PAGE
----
The quiet atmosphere holds the artworks in place. Paintings of the Royal Family hang peacefully on display. Hushed conversations linger in the silence. Small, quick footsteps approach, loudened as two yelling toddlers suddenly burst into the room.
A man’s phone rings and he picks up with a loud “HELLO?” to drown out the screams. And thus the noise grows louder, the chaos builds, as the Queen sits on her throne, shooting a strong, disapproving glare.
We’ve all been there — the museum experience from hell.
Traditional to modernized, historical to contemporary, there is a great variety among what we now call art galleries or museums — from the conventionally quiet, like the Louvre in France, to the exciting and interactive, like the ArtScience Museum of Singapore.
But be it a hidden alleyway gallery, or a grand chateau with expensive pieces of treasure, art museums never stand without a proper set of rules. Rules that, as visitors, we are obliged to properly follow.
In whichever country we are, simple rules like “Don’t touch the artwork” or “No food and drinks allowed” are most likely the common courtesy. But spending time in galleries involves a lot more than just knowing not to bring a hot dog into the room.
There are several unwritten guidelines one should consider before and during an art gallery visit. Let’s unpack them.
1. Indoor Voices
Beyond just paintings and artworks of many different forms, what art galleries truly offer their visitors is solitude. Keeping voices down is the least one can do to respect that intention.
Different from a library, not all museums may require absolute silence, but one might be surprised at how easily a ringtone can ruin the experience of everyone in the room. Aside from keeping our audible tone at a minimum, it’s good to silence our phones and answer calls outside instead of in.
One doesn’t need to look that far to find art galleries that offer its visitors solitude — plenty of places in Southeast Asia keep their art in large, spacious rooms, where peace and quiet accompany them. The River Gallery in Yangon, for example, was named among the top 10 galleries to visit by Jacada Travel. There is also the National Museum of Singapore, with their exquisite art, sky-high ceilings, and very palatial halls.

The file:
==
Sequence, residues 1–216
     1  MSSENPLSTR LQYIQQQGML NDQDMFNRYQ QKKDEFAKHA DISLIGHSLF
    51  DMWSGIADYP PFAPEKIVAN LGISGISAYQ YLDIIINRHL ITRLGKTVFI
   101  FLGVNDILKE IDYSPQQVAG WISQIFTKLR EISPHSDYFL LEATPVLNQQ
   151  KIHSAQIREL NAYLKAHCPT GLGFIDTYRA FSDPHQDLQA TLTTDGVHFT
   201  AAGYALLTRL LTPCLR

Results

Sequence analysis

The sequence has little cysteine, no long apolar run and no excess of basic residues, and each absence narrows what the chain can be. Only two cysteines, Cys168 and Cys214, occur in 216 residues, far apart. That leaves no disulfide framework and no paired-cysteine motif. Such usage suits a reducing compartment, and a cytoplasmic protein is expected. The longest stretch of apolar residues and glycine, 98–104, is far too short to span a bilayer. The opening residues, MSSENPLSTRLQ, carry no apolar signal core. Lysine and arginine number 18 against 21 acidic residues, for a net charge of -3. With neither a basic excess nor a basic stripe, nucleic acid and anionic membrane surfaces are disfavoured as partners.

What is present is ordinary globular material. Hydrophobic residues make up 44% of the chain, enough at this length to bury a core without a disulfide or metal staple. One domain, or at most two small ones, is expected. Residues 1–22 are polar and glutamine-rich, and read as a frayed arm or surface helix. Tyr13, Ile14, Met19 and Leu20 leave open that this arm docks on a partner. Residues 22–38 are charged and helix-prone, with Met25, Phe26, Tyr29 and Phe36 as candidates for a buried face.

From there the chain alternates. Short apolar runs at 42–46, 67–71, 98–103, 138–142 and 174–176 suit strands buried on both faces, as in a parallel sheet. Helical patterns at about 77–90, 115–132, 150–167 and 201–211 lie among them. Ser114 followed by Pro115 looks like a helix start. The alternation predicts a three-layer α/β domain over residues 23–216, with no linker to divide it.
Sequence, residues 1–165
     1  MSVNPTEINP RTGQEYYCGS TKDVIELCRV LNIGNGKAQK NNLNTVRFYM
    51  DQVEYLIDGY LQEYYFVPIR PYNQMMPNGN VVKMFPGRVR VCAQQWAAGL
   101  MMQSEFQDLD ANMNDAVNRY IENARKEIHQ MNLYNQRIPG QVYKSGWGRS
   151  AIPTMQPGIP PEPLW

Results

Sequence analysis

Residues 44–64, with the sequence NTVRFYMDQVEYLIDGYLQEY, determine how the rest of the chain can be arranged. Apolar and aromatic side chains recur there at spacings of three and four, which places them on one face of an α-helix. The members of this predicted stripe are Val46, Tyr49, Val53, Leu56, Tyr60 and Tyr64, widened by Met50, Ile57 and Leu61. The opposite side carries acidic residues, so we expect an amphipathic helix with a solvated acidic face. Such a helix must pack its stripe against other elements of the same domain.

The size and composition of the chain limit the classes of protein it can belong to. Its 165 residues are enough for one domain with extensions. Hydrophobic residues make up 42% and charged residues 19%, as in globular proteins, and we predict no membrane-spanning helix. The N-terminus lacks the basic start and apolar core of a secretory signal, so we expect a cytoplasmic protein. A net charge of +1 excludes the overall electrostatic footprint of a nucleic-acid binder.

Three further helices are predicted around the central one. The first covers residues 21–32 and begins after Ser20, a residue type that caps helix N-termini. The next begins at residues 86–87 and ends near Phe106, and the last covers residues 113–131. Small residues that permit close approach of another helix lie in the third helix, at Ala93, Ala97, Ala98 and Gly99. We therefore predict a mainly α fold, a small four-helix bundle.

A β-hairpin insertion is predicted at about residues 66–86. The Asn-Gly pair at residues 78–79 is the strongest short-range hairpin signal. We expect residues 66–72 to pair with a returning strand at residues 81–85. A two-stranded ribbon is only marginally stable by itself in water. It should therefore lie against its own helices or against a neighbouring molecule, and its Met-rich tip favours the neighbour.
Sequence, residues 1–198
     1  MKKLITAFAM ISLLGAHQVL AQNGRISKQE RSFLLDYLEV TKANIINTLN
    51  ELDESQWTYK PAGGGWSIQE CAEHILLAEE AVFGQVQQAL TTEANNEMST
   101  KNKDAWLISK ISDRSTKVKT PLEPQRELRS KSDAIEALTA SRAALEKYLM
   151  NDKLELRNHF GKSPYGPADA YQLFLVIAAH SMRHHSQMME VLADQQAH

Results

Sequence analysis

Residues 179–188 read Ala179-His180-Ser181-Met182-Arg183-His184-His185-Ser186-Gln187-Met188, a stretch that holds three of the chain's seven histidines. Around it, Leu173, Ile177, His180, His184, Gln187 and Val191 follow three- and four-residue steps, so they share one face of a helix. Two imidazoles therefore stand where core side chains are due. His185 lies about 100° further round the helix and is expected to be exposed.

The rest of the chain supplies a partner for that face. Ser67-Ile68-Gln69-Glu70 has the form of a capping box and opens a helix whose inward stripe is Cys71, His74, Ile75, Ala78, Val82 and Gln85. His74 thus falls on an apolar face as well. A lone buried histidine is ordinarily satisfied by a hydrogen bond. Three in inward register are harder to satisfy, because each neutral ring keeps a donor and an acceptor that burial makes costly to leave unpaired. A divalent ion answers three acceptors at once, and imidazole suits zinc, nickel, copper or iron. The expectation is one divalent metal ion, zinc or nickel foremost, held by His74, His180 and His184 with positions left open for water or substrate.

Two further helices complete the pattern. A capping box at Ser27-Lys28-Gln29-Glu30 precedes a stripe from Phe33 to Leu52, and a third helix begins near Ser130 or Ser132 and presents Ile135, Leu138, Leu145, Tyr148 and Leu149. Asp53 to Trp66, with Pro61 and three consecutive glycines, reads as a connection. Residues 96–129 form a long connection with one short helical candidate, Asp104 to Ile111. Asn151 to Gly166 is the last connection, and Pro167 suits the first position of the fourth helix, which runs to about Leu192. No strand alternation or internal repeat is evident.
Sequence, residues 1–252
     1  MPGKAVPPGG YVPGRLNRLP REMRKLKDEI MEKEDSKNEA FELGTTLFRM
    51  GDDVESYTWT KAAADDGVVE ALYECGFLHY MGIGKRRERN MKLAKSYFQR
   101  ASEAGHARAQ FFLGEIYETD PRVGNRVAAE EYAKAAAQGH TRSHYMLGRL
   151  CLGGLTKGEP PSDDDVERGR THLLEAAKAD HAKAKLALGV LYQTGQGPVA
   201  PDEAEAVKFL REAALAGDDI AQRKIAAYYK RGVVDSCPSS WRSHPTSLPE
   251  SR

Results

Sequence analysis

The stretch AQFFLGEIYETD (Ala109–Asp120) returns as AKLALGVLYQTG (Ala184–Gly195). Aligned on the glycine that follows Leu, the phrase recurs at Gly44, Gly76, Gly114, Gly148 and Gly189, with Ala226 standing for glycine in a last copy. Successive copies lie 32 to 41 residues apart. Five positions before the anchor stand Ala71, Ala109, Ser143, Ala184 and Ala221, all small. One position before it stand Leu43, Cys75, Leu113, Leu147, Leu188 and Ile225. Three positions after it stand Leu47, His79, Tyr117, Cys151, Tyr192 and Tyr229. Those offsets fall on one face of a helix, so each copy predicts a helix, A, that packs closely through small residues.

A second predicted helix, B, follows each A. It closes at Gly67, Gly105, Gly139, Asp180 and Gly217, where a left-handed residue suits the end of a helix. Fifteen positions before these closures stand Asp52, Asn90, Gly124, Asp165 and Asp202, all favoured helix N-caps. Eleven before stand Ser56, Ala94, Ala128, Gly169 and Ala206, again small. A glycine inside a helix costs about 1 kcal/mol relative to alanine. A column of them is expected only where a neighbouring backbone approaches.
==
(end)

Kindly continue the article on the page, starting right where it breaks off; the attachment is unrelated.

2. Don’t stand too close to the artwork
The sign might say we couldn’t touch it, but it also doesn’t tell us to be “as close to it as we can possibly get.” Most artifacts or sculptures are rather fragile; it’s better to keep a safe distance from them if they aren’t glass-protected.
As for paintings, even though one often has the freedom to get as close as they want, we are likely to be blocking someone’s view if we’re only inches away from the canvas. For a closer look at those brushstrokes, Travis McElroy, host of a manners and etiquette podcast, suggests that we step forward, take a few seconds, and then go back. A good rule of thumb for what counts as “safe distance”? Simply make sure that the gap is enough to keep us from falling onto the artwork if we were to suddenly trip.
3. Respect personal space
When a particularly well-known piece is showcased, it often forms continuous crowds gazing at the artwork — especially when it’s peak season, and five different groups of tourists are crammed in one single art space.
In case this wasn’t mutually understood: One must never, ever shove to get to the front of the group. It’s an oil painting, not an A-list celebrity.
We can relax and have a little respect; it’s not going anywhere. Nobody will likely stare at a painting for 60 minutes straight, so learn to wait it out. When positioned at the back of the crowd, we can inch closer to the piece once the people in front of us start to disperse.
Outside of crowds, though, museums offer plenty of room; there is no reason to stand too close to a stranger while looking at the same artwork. Unless we’re striking up a conversation, it’s best to avoid making other people feel uncomfortable. The rule of thumb for this is: If we can hear them breathe, we are probably too close.